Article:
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-        An appropriate professional (or trade) accreditation (e.g. Level 3 City & Guilds 2230 or equivalent apprenticeship, 18th Edition of IEE regulations).

-        2391 Test and Inspection or equivalent.

-        A full driving licence.

-        Fire Alarm Installation / Maintenance (desirable).

-        Emergency lighting maintenance & remedial works (desirable).

-        Ability to diagnose faults and report findings accurately.

-        Practical knowledge and experience of electrical maintenance, including power supplies, lighting and alarm systems, motors, controls and portable appliances.

-        Both single-phase and three-phase systems.

-        Maintaining and updating professional knowledge and keeping abreast of current market trends.

-        Door Access Systems (desirable).

-        Suggesting and introducing energy efficiency and sustainability measures, methods, products and devices (desirable).

-        Sustainability / Energy Management (desirable).

-        Working on a large and varied estate (desirable).

-        Working in a School or further education environment (desirable).

-        Working as a multi-trade team on refurbishment projects (desirable).

-        Fire alarm installation and maintenance (desirable).

-        A self-motivated, solution-based team player able to work with minimum supervision.

-        Proactive approach to problem solving.

-        Good timekeeping.

-        Team player.

-        Able to prioritise and manage a varied workload.

-        Available for call-out duties.

-        An eye for detail and quality and a sympathetic approach to historic buildings.

-        Physically fit and able to carry out all duties.

-        Able to work as part of a team.

-        Positive, flexible and can-do attitude.

-        Excellent communication skills.

-        Willingness to learn new skills.

-        Ability to deal with students, staff and members of the public in a polite and helpful manner.

-        Tact and discretion.

-        Logical approach to problem solving.

​Market Harborough is a market town within the Harborough district of Leicestershire, England. It is situated in the far southeast of the county, forming part of the border with Northamptonshire.

Harborough District has a population of 91,461 (2017)[1] and Market Harborough is the district's administrative headquarters.[2] It sits on the Northamptonshire-Leicestershire border. The town was formerly at a crossroads for both road and rail; however the A6 now bypasses the town to the east and the A14 which carries east-west traffic is 6 miles (9.7 km) to the south. Market Harborough railway station is served by East Midlands Railway services on the Midland Main Line with direct services north to Leicester, Nottingham, Derby and Sheffield and south to London St Pancras. Rail services to Rugby and Peterborough ended in 1966.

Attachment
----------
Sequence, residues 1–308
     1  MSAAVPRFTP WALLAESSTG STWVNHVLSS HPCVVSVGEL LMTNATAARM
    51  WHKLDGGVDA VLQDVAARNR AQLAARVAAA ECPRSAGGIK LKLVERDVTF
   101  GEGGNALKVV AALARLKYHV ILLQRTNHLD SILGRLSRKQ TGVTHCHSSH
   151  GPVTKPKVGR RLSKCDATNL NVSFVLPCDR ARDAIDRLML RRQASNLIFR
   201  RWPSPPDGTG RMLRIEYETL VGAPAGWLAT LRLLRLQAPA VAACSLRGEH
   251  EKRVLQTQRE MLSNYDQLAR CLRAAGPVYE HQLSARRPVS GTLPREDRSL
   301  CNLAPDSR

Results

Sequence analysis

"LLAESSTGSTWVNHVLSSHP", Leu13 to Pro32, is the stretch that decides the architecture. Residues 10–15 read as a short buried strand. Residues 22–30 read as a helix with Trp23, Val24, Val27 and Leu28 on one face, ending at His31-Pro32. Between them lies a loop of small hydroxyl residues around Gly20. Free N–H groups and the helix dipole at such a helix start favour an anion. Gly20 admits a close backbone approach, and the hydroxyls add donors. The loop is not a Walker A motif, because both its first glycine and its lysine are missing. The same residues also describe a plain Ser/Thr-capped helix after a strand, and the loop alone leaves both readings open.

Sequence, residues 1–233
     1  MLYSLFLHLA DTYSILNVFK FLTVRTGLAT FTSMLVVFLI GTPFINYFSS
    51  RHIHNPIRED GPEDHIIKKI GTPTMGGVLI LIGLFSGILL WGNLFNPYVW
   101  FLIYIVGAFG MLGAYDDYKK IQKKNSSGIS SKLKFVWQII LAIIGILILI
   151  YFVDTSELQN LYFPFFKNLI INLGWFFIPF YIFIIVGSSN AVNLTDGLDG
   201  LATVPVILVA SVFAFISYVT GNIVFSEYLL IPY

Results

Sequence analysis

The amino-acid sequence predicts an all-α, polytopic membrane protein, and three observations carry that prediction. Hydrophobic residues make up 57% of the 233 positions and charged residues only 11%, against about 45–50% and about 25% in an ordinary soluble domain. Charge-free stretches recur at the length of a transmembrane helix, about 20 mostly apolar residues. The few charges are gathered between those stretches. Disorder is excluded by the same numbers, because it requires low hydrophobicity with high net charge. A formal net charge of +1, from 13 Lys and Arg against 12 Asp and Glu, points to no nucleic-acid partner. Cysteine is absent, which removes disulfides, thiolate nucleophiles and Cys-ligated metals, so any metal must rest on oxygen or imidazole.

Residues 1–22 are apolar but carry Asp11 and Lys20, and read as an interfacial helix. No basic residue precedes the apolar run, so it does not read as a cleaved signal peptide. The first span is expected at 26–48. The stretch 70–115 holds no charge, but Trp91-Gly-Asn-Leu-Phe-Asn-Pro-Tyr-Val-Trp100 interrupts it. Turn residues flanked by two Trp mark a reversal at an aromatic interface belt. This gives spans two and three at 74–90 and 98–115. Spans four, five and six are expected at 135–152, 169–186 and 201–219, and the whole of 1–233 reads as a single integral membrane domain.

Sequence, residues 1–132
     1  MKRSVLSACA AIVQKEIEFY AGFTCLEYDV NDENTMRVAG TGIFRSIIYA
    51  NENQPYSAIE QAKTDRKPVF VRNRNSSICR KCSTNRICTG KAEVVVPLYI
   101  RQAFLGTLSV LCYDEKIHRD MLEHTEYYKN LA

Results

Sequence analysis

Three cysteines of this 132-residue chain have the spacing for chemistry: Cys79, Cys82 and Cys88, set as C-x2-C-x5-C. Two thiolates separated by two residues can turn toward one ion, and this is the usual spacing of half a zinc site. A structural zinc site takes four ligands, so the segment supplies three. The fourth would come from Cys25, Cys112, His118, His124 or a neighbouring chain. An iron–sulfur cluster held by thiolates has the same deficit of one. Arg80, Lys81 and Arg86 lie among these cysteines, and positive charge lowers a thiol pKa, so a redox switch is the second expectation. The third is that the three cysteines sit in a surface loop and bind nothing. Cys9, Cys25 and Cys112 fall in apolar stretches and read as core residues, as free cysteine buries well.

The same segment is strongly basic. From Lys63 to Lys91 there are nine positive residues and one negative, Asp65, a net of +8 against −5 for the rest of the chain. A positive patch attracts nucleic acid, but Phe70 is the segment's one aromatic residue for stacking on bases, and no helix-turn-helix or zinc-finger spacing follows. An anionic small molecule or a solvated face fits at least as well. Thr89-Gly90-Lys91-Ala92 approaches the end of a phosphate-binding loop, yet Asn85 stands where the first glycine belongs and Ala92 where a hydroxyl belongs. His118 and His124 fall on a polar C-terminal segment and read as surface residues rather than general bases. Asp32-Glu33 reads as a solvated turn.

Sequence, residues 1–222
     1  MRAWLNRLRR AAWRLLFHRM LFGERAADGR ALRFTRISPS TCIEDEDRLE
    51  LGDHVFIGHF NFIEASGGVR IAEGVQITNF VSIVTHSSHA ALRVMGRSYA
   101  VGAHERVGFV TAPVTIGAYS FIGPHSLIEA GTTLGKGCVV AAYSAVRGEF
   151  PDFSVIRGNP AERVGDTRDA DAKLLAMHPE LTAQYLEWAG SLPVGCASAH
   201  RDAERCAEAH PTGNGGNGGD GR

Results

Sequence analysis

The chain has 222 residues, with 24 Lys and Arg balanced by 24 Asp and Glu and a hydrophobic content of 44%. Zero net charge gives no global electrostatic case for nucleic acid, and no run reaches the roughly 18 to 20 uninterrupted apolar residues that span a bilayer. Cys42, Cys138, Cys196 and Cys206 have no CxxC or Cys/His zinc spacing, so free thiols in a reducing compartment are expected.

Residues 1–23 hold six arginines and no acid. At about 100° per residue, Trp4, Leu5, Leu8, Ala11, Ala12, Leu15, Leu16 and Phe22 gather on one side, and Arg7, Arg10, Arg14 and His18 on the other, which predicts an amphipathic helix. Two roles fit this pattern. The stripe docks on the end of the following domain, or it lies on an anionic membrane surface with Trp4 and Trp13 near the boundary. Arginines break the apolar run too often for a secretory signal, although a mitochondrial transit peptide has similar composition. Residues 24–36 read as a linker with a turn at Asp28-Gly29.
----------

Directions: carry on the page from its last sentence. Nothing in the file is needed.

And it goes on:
Market Harborough is located in an area which was formerly a part of the Rockingham Forest, a royal hunting forest used by the medieval monarchs starting with William I. Rockingham Road takes its name from the forest. The forest's original boundaries stretched from Market Harborough through to Stamford and included the settlements at Corby, Kettering, Desborough, Rothwell, Thrapston and Oundle.

The steeple of St Dionysius' Church rises directly from the street, as there is no churchyard. It was constructed in grey stone in 1300 with the church itself a later building of about 1470. Next to the church stands the Old Grammar School, a small timber building dating from 1614. The ground floor is open, creating a covered market area and there is a single room on the first floor. It has become a symbol of the town. The nearby square is largely pedestrianised and surrounded by buildings of varying styles. The upper end of the High Street is wide and contains mostly unspoiled Georgian buildings.

Market Harborough has two villages within its confines: Great Bowden lies over a hill about a mile from the town centre; Little Bowden is less than half a mile from the town centre. The three centres have largely coalesced through ribbon development and infill, although Great Bowden continues to retain a strong village identity.

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